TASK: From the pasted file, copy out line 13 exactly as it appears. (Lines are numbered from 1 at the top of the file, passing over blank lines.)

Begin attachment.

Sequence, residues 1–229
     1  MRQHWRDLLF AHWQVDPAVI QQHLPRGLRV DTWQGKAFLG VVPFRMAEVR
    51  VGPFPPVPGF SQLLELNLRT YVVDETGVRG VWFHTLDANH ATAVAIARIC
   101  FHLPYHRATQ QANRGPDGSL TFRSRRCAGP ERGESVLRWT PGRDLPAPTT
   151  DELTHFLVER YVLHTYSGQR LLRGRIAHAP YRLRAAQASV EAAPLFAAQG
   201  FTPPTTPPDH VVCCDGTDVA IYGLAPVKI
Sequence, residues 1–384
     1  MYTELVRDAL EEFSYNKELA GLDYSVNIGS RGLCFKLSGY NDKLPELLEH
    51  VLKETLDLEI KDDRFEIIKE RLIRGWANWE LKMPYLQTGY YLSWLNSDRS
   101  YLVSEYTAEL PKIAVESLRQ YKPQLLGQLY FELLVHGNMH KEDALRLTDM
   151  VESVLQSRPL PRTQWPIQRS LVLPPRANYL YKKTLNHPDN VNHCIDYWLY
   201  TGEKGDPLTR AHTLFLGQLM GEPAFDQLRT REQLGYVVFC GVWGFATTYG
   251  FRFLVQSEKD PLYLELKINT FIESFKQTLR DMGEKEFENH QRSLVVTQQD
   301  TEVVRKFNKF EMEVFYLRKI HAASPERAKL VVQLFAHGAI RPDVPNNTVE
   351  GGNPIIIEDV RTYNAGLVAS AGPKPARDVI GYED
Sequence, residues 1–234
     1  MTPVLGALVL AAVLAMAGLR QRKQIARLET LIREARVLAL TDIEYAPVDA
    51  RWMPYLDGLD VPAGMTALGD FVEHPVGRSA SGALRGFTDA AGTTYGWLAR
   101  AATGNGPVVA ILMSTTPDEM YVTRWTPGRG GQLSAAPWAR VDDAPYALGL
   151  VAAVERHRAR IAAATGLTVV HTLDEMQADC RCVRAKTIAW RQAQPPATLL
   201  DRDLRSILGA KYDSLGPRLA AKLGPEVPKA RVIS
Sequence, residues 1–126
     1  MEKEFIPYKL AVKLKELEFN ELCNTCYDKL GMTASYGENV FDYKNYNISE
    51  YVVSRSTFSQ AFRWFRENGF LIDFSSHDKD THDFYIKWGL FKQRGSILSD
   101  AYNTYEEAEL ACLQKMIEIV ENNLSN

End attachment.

   251  FRFLVQSEKD PLYLELKINT FIESFKQTLR DMGEKEFENH QRSLVVTQQD